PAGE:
Turkish leader remains thorn in Biden’s side
Erdogan a military ally who is often at odds with the West
WASHINGTON — When Russia and Ukraine reached an agreement last week to unblock Ukrainian grain exports, President Recep Tayyip Erdogan of Turkey played the role of benevolent statesman.
Seated next to the United Nations secretary-general in an Ottoman palace in Istanbul, Erdogan said the deal, which Turkey helped to broker, would benefit “the whole of humanity.”
President Joe Biden’s administration welcomed the agreement, which could relieve a global food crisis intensified by Russia’s invasion of Ukraine and blockade of its ports. Officials expressed skepticism about whether Russia was acting in good faith, and Russian missiles struck the Ukrainian port city of Odesa less than a day after the pact was signed. Still, a White House spokesperson had commended Erdogan for his efforts.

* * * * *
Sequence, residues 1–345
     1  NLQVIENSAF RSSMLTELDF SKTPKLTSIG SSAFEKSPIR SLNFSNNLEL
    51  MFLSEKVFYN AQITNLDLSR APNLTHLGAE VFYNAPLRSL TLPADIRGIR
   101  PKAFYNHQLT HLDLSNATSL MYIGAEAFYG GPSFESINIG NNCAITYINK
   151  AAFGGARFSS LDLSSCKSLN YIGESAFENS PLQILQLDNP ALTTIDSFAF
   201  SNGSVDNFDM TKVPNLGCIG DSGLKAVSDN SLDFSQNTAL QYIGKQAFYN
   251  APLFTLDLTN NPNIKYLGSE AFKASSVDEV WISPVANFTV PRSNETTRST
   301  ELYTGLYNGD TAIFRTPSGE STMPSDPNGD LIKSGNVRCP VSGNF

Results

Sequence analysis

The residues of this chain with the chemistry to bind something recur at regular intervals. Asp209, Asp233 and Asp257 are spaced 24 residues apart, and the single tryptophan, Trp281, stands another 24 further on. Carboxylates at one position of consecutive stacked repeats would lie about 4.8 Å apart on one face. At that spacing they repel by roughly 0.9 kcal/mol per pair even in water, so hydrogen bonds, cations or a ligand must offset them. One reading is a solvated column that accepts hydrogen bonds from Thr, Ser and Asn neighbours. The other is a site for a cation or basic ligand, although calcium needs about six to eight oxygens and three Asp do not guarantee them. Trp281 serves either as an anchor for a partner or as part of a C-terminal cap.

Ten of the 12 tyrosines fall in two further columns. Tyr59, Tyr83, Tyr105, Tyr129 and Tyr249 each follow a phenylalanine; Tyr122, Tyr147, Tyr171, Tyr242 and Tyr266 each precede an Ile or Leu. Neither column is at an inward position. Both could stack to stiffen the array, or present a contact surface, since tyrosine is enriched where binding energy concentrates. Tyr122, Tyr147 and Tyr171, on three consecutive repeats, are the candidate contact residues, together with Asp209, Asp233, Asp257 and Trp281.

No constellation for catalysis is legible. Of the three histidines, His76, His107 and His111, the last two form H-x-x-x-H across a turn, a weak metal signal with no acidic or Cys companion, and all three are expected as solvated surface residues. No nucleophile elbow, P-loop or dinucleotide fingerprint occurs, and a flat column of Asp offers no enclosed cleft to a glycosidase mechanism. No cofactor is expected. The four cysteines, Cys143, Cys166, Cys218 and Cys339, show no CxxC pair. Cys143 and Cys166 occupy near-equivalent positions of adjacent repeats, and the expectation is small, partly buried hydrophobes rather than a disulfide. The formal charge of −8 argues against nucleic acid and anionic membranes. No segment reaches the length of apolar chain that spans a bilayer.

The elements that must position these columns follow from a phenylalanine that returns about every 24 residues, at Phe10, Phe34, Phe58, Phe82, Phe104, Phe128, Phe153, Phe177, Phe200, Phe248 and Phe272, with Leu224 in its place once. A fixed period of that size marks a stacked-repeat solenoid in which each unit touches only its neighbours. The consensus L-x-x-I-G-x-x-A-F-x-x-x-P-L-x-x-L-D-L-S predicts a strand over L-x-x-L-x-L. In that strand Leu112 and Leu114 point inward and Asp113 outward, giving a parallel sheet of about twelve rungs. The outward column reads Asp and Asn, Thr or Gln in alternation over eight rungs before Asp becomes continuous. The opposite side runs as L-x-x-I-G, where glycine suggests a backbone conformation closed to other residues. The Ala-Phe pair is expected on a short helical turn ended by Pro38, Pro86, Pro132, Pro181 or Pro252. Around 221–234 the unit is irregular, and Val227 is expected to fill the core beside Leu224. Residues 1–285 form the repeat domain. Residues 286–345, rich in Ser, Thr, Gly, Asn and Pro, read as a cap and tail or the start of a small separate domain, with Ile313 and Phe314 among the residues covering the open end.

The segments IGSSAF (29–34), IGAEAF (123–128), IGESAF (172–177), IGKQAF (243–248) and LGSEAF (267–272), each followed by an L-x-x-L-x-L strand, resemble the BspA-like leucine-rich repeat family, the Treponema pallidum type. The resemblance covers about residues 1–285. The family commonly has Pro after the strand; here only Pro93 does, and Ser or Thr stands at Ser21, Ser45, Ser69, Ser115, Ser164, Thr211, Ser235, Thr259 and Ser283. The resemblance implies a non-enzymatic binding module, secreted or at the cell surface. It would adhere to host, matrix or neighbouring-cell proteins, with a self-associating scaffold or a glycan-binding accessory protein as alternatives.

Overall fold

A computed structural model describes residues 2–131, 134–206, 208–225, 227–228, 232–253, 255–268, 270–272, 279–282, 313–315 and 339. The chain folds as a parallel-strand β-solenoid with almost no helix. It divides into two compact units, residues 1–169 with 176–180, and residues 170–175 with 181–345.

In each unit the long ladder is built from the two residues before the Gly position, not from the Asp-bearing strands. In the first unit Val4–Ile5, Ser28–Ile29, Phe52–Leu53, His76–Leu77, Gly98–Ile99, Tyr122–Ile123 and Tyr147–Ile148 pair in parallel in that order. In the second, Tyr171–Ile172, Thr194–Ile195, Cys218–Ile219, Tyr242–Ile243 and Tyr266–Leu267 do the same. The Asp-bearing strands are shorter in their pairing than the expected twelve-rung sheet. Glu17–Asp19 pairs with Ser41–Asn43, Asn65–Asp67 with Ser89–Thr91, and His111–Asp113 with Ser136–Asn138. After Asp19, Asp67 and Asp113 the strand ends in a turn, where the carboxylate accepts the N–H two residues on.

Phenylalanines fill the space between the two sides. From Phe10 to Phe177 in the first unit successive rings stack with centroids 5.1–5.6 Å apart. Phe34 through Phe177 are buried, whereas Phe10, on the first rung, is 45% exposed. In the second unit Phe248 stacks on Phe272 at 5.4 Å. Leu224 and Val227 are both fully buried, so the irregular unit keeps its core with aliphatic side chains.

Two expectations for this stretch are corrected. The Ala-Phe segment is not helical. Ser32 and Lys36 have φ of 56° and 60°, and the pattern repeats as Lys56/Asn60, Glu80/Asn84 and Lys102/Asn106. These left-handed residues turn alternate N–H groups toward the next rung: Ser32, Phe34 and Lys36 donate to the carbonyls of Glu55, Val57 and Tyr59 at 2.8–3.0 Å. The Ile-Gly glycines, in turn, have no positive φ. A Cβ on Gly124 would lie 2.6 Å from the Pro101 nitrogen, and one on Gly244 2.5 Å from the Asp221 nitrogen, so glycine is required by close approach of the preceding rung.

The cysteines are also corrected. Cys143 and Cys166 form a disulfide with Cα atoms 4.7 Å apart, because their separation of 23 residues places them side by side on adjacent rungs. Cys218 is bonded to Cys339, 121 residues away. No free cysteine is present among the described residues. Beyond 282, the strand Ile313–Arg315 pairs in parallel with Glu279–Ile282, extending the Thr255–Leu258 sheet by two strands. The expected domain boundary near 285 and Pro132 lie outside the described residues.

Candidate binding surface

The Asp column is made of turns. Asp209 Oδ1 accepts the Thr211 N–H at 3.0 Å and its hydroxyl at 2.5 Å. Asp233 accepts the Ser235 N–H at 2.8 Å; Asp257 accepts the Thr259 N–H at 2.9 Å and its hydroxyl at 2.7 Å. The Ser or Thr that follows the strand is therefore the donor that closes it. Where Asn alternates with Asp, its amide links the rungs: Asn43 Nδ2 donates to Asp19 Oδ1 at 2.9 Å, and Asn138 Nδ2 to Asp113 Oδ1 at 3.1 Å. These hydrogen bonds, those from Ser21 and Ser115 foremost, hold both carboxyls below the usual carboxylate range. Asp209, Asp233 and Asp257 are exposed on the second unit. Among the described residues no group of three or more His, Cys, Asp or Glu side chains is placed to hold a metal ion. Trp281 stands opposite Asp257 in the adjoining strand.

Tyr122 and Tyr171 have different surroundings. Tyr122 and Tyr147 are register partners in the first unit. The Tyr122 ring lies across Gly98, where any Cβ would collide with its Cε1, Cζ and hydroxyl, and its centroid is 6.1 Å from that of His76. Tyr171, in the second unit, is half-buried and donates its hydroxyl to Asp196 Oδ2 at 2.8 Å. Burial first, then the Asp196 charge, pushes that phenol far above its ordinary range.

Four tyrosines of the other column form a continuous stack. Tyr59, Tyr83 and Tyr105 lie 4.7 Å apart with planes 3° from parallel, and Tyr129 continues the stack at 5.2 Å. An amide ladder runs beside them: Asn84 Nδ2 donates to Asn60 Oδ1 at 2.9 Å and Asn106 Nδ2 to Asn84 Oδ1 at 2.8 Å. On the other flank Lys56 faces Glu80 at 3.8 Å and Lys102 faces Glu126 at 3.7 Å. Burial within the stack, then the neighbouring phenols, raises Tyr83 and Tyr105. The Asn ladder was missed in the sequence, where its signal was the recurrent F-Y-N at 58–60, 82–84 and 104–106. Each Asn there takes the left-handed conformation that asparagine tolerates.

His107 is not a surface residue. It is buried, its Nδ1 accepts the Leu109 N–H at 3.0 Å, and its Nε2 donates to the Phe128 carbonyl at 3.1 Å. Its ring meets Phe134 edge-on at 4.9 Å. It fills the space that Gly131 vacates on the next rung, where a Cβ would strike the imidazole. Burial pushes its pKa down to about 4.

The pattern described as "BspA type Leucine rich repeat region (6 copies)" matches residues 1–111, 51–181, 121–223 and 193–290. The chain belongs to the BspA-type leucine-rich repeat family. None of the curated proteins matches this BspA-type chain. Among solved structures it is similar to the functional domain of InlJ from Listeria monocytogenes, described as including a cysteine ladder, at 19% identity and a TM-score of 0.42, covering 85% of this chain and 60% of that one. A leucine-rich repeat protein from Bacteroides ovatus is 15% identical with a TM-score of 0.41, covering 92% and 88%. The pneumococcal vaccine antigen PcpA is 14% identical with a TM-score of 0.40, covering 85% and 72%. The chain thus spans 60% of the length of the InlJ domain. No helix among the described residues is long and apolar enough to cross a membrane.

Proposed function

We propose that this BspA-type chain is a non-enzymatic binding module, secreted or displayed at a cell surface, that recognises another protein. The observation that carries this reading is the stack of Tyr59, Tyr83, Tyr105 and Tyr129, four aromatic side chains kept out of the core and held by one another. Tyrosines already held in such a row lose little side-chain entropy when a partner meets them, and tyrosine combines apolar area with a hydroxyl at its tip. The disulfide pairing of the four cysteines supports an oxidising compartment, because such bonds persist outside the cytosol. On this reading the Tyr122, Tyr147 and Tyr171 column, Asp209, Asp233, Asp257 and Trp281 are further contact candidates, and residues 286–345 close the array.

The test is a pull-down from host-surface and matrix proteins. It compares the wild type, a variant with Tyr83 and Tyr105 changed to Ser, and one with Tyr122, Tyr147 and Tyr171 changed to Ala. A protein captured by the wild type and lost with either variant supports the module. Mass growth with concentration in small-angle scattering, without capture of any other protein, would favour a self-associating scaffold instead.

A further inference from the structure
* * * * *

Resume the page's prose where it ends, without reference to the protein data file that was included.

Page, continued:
But privately, Erdogan has remained a source of substantial irritation for Biden administration officials.
Days before presiding over the grain agreement, the Turkish autocrat renewed a warning that he might veto NATO’s plans to accept Sweden and Finland as members in the coming months — an act that would deeply embarrass the alliance and the Biden administration as they work to counter Russia. And Congress this month expressed misgivings about Biden’s pledge at a June NATO summit in Spain to sell dozens of F-16 fighter jets to Turkey.
On July 19, Erdogan traveled to Tehran, Iran, for meetings with President
Ebrahim Raisi of Iran and President Vladimir Putin of Russia.
The images of two prime U.S. rivals with Erdogan, the leader of a NATO country, clashed with the Western narrative of a deeply isolated Iran and Russia, analysts said.
Then last Friday, a White House spokesperson reiterated U.S. concerns about Erdogan’s threats to mount a new invasion of northern Syria targeting U.S.-backed Kurdish fighters whom he considers terrorists.
Taken together, Erdogan’s actions — and Biden’s limited ability to restrain them — underscore the Turkish leader’s unique position as a military ally frequently at odds with the agenda of his Western allies.
To U.S. officials, it is an often maddening role.